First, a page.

Lila Grace was a (poetry) virgin when she walked in, but not when she walked out, read a sexy love poem perhaps titled “If Greed is a Sin…,” then continued with another love poem. Maurice has been lurking here & tonight continued with a poem from his work-in-project “Park Bench Poems,” that he read from last month, poems written for strangers — I'm looking forward to the chapbook.

Next poet Rob introduced was Priya Love, he said he couldn’t read the sign-up sheet, but perhaps that was due to tinted reading glasses. Priya read lyrics for hip hop pieces, the first “Change Free Money” dreaming big & looking for riches with forced rhymes & shouting, then a “free style” with more dopey rhymes, on the same theme of making it big in the hip-hop scene — good luck. The last reader was another regular here, John D. who has a project, he said, of reading his poems here, in random order read “Wait, Panic” & “Invocation.”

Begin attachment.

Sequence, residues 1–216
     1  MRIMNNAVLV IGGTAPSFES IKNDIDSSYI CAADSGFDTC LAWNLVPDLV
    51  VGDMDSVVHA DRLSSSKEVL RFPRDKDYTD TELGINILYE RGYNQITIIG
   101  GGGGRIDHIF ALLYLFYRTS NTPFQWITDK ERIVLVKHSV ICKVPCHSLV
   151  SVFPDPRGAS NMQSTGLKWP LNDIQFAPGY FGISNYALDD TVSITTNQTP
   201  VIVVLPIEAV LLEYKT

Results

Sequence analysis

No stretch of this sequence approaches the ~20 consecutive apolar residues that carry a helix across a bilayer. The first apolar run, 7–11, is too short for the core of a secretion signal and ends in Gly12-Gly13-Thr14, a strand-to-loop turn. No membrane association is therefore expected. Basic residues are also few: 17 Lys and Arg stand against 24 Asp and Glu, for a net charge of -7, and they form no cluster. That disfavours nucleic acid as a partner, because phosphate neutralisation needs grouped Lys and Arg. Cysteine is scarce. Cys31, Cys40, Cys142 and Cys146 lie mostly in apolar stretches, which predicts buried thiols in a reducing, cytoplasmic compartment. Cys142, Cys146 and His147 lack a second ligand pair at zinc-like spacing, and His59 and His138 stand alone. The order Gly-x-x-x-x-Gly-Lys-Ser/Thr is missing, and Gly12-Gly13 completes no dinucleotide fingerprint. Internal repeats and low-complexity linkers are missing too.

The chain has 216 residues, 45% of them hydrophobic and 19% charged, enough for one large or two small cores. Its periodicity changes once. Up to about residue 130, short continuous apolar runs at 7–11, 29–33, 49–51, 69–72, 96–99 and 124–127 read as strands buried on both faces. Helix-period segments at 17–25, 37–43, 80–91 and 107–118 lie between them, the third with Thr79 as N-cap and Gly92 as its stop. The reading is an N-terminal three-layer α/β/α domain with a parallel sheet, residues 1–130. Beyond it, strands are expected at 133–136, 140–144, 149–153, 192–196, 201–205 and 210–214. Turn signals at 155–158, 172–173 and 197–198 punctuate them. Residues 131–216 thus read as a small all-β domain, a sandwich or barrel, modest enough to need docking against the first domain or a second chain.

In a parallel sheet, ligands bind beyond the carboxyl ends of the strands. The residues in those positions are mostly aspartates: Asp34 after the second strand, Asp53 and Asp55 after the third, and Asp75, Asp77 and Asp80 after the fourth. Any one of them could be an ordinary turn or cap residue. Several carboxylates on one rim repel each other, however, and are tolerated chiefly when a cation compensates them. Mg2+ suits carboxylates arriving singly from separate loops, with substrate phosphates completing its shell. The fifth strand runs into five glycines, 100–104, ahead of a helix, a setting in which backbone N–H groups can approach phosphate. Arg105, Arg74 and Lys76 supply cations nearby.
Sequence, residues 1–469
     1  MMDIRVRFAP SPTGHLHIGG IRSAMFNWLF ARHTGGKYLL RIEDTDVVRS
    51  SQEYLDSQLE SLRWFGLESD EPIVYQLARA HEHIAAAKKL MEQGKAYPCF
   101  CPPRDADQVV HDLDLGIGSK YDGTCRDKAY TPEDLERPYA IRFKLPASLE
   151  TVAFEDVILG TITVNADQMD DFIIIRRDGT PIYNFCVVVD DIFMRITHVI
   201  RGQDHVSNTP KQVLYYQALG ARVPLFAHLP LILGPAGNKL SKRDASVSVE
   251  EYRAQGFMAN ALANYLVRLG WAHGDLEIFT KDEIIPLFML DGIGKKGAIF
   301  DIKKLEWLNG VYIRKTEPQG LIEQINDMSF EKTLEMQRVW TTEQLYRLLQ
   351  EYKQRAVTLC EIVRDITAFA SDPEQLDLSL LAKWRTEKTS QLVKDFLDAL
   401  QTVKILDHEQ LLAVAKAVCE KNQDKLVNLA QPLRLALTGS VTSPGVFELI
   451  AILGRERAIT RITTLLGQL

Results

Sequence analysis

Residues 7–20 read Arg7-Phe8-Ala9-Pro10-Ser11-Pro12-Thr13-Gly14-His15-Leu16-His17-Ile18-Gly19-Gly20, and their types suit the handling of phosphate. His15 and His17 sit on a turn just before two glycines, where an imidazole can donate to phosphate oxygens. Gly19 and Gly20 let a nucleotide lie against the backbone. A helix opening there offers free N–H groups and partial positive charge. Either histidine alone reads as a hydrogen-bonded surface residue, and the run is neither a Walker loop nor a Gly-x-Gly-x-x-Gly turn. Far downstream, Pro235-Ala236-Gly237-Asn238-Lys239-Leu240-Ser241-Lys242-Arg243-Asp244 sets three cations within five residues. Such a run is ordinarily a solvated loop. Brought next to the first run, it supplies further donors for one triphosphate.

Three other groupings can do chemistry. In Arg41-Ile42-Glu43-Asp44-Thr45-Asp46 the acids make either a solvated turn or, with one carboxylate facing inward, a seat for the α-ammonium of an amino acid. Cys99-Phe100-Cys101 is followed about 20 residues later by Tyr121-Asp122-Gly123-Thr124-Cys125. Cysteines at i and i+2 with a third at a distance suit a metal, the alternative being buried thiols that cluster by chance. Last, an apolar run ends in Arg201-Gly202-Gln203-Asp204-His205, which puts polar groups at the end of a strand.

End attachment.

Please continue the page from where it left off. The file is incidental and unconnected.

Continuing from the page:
Invocation of the Muse has carved out its niche in the poetry month on the 1st Monday of the month at The Fuze Box, 12 Central Ave., Albany, NY, 7:30PM sign-up, 8:00 start, with a featured poet & an open mic for the rest of us. & there's booze for all us drunkard poets.

January 2, 2022

The Year in Review, December 17

This was billed as “an immersive spoken word event” (I was afraid I’d have to wear a bathing suit but I knew there was no swimming pool at The Linda) “where we will look back at 2021 AND look ahead at what we planned for 2022,” the “we” being our own Albanypoets. In fact, this event was held at The Linda, the WAMC theater on Central Ave. in Albany where in past years Albanypoets had organized many spoken word events, & indeed it was a looking back & a looking ahead. It seems fitting now to be posting this in the first days of the New Year.

There were 8 local poets performing, well-known to one degree or another to the larger poetic community. Peter Hughes, General Manager of The Linda introduced Thom Francis, el presidente of Albanypoets, who was the MC & was one of the performing poets.